I was born and raised in the LDS church in Las Vegas, NV. I began worthiness interviews with my bishop at the age of 12 as it was expected of all children at that age. I remember my bishop as a kind and approachable man whom everyone looked up to and trusted. However, he did ask me explicit sexual questions as I sat in his office without my parents. Parent’s were never present during these interviews. He asked many questions, including those about my testimony, tithing, following the commandments, the word of wisdom, and about sexual purity.
I remember being humiliated, my face burning red, when I had to answer questions about impure sexual thoughts, masturbation, and petting/sexual activity with boys. I was 12 years old! These interviews continued annually until age 17, when I refused to go.
I never discussed the meetings with my parents. They were both converts to the church in their early 20s, so they never experienced these interviews as children. As a 16 and 17 year-old, I did experiment sexually. I couldn’t talk to my parents about sex as they were devout members of the LDS church. I was too scared and ashamed to ask them anything. I suffered guilt and shame for years, thinking I was some kind of pervert, for having these sexual feelings, thoughts, and actions as a teenager.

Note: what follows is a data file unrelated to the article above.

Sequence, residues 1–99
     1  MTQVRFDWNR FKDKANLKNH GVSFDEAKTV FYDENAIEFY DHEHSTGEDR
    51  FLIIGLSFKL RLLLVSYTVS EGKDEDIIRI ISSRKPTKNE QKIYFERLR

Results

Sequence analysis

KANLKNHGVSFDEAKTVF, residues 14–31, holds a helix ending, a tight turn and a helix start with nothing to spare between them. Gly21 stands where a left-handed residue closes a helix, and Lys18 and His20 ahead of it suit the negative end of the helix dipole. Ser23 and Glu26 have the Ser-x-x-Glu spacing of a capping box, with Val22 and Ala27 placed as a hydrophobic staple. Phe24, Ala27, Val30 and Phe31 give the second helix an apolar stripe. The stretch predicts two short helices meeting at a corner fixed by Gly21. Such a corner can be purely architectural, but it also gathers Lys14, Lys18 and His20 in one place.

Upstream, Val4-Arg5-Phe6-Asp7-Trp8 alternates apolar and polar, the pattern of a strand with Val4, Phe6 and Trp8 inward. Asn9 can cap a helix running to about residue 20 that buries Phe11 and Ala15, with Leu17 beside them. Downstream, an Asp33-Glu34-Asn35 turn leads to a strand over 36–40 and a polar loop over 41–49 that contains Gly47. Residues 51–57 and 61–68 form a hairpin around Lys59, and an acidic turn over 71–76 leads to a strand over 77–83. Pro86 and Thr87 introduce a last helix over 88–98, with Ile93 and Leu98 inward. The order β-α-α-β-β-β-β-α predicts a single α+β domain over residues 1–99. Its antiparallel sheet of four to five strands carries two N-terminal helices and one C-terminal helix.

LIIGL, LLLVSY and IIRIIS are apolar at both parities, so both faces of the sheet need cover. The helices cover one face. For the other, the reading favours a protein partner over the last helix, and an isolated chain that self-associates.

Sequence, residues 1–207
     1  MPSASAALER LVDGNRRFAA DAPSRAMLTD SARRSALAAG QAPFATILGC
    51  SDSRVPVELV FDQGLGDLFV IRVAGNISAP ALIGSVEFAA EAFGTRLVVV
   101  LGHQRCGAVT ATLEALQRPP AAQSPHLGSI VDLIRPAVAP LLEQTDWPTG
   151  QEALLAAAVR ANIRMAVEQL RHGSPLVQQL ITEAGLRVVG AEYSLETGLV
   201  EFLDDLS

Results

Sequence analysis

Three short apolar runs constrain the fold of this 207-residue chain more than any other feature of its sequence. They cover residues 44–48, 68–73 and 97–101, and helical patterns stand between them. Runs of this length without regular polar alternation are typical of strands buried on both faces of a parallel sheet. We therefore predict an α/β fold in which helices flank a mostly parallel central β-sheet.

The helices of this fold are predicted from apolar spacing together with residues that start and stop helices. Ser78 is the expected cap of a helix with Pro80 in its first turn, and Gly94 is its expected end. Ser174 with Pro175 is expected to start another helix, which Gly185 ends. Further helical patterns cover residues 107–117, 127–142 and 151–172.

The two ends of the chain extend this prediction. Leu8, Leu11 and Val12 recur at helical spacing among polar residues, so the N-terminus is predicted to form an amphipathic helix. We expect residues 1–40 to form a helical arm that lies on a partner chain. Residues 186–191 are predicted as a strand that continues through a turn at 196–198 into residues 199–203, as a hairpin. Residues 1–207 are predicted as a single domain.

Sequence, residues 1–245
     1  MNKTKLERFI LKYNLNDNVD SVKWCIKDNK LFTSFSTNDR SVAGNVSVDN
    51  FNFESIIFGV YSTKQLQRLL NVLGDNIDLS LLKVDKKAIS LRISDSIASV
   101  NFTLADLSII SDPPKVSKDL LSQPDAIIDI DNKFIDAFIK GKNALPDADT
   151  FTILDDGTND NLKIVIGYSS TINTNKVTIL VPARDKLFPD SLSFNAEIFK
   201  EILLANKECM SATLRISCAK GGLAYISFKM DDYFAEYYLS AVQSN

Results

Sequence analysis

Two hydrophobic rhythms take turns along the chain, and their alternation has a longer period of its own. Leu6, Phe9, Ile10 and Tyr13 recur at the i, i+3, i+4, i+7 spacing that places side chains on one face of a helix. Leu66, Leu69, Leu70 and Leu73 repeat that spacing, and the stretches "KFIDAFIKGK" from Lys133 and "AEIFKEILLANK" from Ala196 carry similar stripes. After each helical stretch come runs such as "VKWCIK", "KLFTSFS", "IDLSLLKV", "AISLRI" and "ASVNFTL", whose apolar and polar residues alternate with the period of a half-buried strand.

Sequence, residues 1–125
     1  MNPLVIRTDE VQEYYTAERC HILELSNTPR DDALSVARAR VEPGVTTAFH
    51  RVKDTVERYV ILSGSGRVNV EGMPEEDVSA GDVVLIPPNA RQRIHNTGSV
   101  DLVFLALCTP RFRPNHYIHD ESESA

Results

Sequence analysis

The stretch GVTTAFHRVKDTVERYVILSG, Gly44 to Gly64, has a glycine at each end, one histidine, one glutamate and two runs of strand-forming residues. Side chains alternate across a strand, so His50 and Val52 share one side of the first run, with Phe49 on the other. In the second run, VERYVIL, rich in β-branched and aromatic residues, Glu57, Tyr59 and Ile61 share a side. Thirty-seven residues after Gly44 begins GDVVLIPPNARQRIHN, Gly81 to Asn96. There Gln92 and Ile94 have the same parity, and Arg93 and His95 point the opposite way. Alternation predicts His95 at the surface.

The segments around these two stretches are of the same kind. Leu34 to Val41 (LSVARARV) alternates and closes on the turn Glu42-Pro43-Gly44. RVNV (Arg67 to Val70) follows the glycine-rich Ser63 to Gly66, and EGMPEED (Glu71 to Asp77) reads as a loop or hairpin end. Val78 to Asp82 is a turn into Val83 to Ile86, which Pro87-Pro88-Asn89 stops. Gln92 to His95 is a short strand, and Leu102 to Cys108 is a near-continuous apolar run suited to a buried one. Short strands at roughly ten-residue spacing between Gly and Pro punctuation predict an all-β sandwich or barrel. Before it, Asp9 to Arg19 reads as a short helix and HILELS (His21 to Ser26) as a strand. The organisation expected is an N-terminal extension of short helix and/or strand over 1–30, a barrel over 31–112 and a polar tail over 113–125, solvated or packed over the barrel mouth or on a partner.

These uncomfortable and awkward interviews continued when I began attending church again (after a 2 year break). I was assigned to a singles LDS ward when I became a student at Southern Utah University (for single adults ages 18-30). Not only did I endure the humiliation of these interviews for 2 or 3 more years, but also during church meetings.
I remember many Sunday sermons in which a member of the bishopric would talk for an hour about the sin of masturbation and sexual activity. Finally, at the age of 21, I put my foot down and told the bishop “no” during one of these worthiness interviews. He asked how many times me and my boyfriend had engaged in sexual activity. He asked for details about oral sex, anal sex, and sexual positions. I told him “That’s none of your business. We’re done” and walked out.
I left the church years later when my sister came out as gay, forcing me to evaluate my own beliefs. I realized they didn’t align with the beliefs of the LDS church. I truly believe these interviews are inappropriate and harmful to children. I suffered years of anxiety and depression that I feel were related to the stress, shame, and guilt I endured as a teenager and young adult in the LDS church. I hope LDS parents become aware of this practice and demand that bishops stop asking explicit sexual questions to their children.